How to use apostrophes correctly

A woman writing in a book, using apostrophes correctly.
Photo by Gift Habeshaw

Using apostrophes correctly is an easy way to gain more marks in GCSE English exam writing. So, with a little bit of clear thinking, apostrophes can be used correctly every single time. Then sit back and watch those marks roll in.

1. Apostrophes of Contraction

The most common form of apostrophe is the apostrophe of contraction. Contraction means the ‘shortening’ of something so when we push two or more words together and ‘shorten’ them, we need an apostrophe.

Here are some examples:

  • I am -> I’m
  • You are -> You’re
  • It is -> It’s
  • We are -> We’re
  • They are -> They’re
  • Do not -> Don’t
  • Would have -> Would’ve
  • Will not -> Won’t
  • It is ten of the clock -> It’s ten o’clock

Students often forget to write these apostrophes and in informal writing they are often ignored. However, in your exam you are expected to be writing in good Standard English. So get into the habit of placing apostrophes and watch those marks improve.

2. Apostrophes of Possession/Ownership

Possession/ownership of something by something else is usually indicated with an apostrophe. To become expert in using the apostrophe of possession, you need to be able also to identify if you are using a singular or a plural.

Here are some examples showing a person owning a physical thing:

  • The woman’s bike
  • Efan’s football
  • Sonia’s suitcase
  • The man’s gloves

Here are some examples showing how possession can also mean owning a non-physical concept:

  • Ireland’s success
  • Efan’s scoring record
  • Sonia’s ambition
  • The man’s uncertainty

Here are some examples showing how to use an apostrophe when a word already ends with an s:

  • The dogs’ noses
  • The societies’ presidents
  • James’ boat
  • The beaches’ erosion

In some circumstances, you may prefer to avoid using an apostrophe by inverting the statement. The “erosion of the beaches” sounds better than “the beaches’ erosion.”

3. Homophones and near homophones

It’s/its, you’re/your, they’re/their/there sound exactly alike but mean very different things, therefore they are homophones. Like all homophones, you need to know exactly which one you are using before choosing the spelling

We’re/were/where are not homophones. They sound different but are commonly confused. Again, know exactly which one you are using before choosing a spelling.

It’s and its

“It’s” means “it is.”

“Its” is the possessive form and, unusually, does not need an apostrophe. This allows it to be told apart from “it’s.”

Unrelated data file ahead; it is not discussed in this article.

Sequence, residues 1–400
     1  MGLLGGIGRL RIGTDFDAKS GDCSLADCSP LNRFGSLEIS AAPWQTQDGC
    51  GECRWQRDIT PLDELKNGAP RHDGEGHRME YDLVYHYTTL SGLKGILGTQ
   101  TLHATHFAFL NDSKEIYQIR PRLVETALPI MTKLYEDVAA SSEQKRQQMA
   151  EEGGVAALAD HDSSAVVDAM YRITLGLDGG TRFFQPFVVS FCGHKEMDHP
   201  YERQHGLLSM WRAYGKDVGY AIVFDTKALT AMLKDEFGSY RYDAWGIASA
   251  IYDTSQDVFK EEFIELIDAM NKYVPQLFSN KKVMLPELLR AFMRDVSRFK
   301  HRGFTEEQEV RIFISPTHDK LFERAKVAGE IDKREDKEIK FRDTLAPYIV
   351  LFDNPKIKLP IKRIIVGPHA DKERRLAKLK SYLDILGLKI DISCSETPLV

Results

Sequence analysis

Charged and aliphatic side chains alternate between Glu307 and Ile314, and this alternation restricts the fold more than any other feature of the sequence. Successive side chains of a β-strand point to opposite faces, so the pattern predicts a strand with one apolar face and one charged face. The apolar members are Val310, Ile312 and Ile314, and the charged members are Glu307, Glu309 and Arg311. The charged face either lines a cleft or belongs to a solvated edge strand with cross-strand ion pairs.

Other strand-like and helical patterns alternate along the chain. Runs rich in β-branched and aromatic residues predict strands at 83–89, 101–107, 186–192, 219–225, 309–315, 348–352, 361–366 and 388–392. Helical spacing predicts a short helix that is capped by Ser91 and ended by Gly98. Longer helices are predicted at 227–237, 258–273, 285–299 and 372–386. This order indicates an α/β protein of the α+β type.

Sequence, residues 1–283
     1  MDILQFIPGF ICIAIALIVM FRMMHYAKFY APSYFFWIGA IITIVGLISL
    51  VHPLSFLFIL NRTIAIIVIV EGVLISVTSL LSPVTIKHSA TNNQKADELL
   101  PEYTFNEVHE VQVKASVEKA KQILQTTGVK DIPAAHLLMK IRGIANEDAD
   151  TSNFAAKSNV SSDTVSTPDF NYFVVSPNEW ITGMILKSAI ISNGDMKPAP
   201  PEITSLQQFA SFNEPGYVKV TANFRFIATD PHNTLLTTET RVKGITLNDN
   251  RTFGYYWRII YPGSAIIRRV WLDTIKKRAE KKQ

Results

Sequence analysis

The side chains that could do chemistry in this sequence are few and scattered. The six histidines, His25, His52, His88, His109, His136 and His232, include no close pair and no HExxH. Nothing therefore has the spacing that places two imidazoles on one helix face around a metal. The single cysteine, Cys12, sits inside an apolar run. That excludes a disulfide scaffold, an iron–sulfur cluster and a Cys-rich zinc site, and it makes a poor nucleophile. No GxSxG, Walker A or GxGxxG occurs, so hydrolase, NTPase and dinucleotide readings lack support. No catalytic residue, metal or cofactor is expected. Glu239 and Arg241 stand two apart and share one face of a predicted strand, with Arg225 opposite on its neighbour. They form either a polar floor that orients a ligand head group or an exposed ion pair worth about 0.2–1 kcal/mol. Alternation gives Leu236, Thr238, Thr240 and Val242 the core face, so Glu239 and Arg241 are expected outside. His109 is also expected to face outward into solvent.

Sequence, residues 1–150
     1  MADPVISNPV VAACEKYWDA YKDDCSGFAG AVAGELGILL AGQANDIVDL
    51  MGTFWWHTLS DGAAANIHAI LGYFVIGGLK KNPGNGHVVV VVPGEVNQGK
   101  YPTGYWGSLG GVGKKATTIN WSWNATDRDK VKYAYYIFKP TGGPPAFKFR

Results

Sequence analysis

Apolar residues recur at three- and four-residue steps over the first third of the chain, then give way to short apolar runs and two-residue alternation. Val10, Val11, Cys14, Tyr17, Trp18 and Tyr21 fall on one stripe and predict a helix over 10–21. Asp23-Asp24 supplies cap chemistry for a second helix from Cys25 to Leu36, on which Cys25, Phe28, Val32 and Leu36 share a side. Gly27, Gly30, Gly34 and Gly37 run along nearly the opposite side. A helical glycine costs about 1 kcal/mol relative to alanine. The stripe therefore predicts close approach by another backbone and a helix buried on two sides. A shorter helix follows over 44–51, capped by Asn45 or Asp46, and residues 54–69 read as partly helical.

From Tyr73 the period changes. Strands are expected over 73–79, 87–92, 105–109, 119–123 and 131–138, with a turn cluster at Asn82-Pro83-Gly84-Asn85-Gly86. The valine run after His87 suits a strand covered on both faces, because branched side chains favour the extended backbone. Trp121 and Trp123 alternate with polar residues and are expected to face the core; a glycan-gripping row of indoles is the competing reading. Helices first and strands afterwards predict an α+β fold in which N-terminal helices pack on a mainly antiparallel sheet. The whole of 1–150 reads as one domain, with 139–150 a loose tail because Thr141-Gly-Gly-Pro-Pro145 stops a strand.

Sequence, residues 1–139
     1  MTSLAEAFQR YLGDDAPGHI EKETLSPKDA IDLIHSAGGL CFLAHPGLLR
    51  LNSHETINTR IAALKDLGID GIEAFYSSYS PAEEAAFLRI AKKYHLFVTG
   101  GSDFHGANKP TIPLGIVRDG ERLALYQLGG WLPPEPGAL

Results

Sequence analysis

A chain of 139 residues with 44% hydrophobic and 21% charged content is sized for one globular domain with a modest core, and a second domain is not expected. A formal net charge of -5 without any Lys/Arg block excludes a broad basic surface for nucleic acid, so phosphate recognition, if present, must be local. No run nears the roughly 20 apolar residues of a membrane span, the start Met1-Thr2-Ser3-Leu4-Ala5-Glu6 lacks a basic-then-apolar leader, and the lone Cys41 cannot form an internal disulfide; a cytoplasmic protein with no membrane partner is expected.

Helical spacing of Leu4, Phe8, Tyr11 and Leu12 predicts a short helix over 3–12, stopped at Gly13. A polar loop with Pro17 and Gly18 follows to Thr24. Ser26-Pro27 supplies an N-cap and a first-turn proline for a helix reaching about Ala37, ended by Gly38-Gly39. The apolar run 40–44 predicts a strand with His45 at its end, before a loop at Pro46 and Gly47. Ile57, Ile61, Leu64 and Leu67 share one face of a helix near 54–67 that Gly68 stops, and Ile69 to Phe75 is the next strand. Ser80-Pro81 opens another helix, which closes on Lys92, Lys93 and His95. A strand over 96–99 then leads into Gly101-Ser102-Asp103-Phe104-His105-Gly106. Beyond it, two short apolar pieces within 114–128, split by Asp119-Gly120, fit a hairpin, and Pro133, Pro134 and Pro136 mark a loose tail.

• It’s a sunny day.
  • The dog is not happy with its new toy.
  • It’s going to be fun.
  • The company had to close its Norwich office.

You’re and your

“You’re” means “you are.”

“Your” indicates possession of something by “you.”

  • You’re happy.
  • Your bike is amazing.
  • You’re not allowed to go.
  • Your ambition is driving you to greatness.

They’re, their and there

“They’re” means “they are.” “Their” indicates possession of something by “them.” “There” indicates location and is also used n the very common phrase “there is/there are.” More in-depth information on these tricky words is available here.

  • They’re happy.
  • Their shoes have gone missing.
  • The sea is over there.
  • They’re not going to believe this.
  • Their wedding was a lovely occasion.
  • There are two cathedrals in Norwich.

We’re, were and where

“We’re” means “we are.” “Were” is part of the past tense of the verb “be.” “Where” is a question word for when you need to know where something is.

  • We’re happy.
  • They were on their way.
  • Where is Norwich?
  • We’re going to get excellent grades.
  • We were in Dublin last week.
  • Where is my bike?

4. Are apostrophes dying out?

Students are often frustrated by apostrophes and wonder what the point of them is – and would love to avoid using them altogether. Students also notice that apostrophes are often ignored. So are they dying out?

The short answer is that, yes, apostrophes probably are dying out. However, it is very unlikely that they will disappear in time for your GCSE exam. Maybe in a few centuries time we will look back on apostrophes and wonder what all the fuss was about. But, for now, apostrophes must be part of your writing.

All major publishing and media companies use apostrophes and therefore, they are a part of Standard English. So, learn to use them correctly and even begin using them in your informal uses of language to help you form the habit.

5. In conclusion

Learn to use apostrophes – get higher marks. It’s as simple as that.

Missing apostrophes can be seen a mile off – even before the examiner has fully read your answer. So offer a good first impression to your examiner by showing you can use apostrophes correctly.

Published by Edward Mooney

I am a highly qualified and experienced English tutor based in the UK. I founded this site in 2019 to help students of GCSE English learn how to reach their full potential.

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